Friday, February 6th, 2009

document.getElementById(“check1”).indeterminate = true; Now shipping in Firefox Trunk

Category: Firefox, HTML, Mozilla, Standards

Michael Ventnor posted about his implementation of the indeterminate state that is specified in HTML5 for checkboxes and radio buttons:

If you do any web development, chances are you know checkboxes and radio buttons can have two states: checked and unchecked. But in the case of checkboxes, you may want to indicate to the user that they are half-way between those states, for example when you have a master checkbox above many other checkboxes of singular items. This is now possible on Trunk (Firefox 3.2) thanks to the implementation of the HTML5 “indeterminate” DOM property. All it takes is a bit of script:


  1. document.getElementById(”check1?).indeterminate = true;

Now you can see if the sub-glass is half full. CSS3 :indeterminate pseudoclass isn’t there yet…. but check back tomorrow.

Posted by Dion Almaer at 6:40 am

3.3 rating from 28 votes


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are you sure? questionmark as end of a string?

Comment by Aimos — February 6, 2009

I detest three-state checkboxes. Needing them is a sure sign of a bad ui design.

Comment by Joeri — February 6, 2009

@Jeori: tri-state boxes are fairly common way of declaring state information within a parent item. I would suspect that they’re well understood now but would love to see some user testing on that. Like you say though, design may be a consideration.

Comment by jonathansnook — February 6, 2009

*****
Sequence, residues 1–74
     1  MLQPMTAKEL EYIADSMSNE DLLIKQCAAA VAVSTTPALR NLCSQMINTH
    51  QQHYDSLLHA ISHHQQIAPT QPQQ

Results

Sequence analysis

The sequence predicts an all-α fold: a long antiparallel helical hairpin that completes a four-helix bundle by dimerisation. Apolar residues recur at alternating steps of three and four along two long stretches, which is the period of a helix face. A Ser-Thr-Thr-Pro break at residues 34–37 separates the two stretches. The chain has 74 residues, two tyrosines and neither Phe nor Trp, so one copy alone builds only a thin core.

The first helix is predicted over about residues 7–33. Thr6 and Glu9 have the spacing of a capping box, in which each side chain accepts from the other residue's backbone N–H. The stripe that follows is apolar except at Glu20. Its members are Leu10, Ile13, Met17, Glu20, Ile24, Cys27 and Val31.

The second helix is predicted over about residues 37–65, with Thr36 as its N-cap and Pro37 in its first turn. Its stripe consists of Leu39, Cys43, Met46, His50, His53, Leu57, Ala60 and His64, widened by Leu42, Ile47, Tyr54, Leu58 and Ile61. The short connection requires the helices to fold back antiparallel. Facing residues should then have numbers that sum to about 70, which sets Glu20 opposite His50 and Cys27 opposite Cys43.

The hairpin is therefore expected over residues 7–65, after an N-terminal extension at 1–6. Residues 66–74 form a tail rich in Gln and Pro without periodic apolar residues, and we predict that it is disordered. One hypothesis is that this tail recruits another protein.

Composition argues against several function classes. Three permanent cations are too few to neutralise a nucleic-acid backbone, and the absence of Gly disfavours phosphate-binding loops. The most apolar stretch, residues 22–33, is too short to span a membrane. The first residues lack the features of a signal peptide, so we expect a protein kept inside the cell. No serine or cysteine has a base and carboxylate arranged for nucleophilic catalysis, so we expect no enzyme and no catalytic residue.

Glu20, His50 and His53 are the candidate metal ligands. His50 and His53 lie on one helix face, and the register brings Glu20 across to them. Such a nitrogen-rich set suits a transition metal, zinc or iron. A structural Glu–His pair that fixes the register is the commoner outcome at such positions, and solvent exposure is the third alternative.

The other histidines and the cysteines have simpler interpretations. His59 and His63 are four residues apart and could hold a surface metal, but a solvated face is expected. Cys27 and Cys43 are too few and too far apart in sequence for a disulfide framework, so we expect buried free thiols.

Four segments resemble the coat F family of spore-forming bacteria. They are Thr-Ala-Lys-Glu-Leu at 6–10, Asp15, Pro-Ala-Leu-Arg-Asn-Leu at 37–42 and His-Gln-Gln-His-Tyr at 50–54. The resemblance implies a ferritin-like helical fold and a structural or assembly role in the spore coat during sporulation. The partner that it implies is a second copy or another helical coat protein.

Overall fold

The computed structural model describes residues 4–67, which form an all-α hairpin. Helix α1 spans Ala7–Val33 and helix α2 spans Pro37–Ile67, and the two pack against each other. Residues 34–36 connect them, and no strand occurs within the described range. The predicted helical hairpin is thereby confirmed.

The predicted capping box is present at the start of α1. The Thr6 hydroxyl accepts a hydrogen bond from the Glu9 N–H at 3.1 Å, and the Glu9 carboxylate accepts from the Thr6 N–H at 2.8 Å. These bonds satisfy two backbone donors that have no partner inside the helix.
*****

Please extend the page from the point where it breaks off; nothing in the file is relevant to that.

I am would the CSS3 :indeterminate pseudoclass be a way to set the style of the checkbox and not set if a check should be in an indeterminate state ?

Comment by howardrauscher — February 6, 2009

IMO, the above blog post doesn’t really do a good job of explaining what “indeterminate” actually means. I had to google up this MSDN page to actually figure out what was being discussed:

Now that I (think I) understand what’s being discussed, I’m pretty sure this is not a good idea. A checkbox is either checked or unchecked. Whether a user has actively interfaced with a form element doesn’t really change this fact. If you set meaningful defaults in your form, you should have no use for this.

In the “Check All” example, the “indeterminate” state is suggested as ideal for when the “Check All” is not checked but some of the “child” checkboxes are. Since only some of the child boxes are checked, the “Check All” itself is KNOWN to be *unchecked* not indeterminate. The current paradigm is well known and understood by current users and the only thing added by an indeterminate state is confusion.

Like many others I’ve written javascript to handle the “Check All” control, in which a user manually checking all the children checkboxes automatically checks the “Check All” box as well. Or, if you want to earn some bonus points with your boss, have the original state of the child checkboxes restored when “Check All” is checked then unchecked (eg, half of the boxes are checked, you click Check All then uncheck Check All and instead of none of them being checked, half of them are).

Why not add this behavior to HTML5 so we don’t need to code it by hand? That would be far more helpful than tacking on bizarre features like “indeterminate”.

We should be working to simplify webforms to make them more accessible and easier to use, not adding complexity for its own sake.

Comment by drlongghost — February 7, 2009

I like it
I like it
I like it
nice and simple

Comment by RawChocolate — July 30, 2009

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